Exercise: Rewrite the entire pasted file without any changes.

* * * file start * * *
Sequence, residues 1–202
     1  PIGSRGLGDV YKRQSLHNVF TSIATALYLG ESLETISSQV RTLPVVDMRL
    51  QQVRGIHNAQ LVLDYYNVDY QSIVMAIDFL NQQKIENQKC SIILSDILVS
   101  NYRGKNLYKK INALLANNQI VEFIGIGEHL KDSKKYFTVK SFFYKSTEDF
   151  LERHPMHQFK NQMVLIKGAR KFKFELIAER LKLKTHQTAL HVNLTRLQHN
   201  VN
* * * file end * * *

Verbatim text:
Sequence, residues 1–202
     1  PIGSRGLGDV YKRQSLHNVF TSIATALYLG ESLETISSQV RTLPVVDMRL
    51  QQVRGIHNAQ LVLDYYNVDY QSIVMAIDFL NQQKIENQKC SIILSDILVS
   101  NYRGKNLYKK INALLANNQI VEFIGIGEHL KDSKKYFTVK SFFYKSTEDF
   151  LERHPMHQFK NQMVLIKGAR KFKFELIAER LKLKTHQTAL HVNLTRLQHN
   201  VN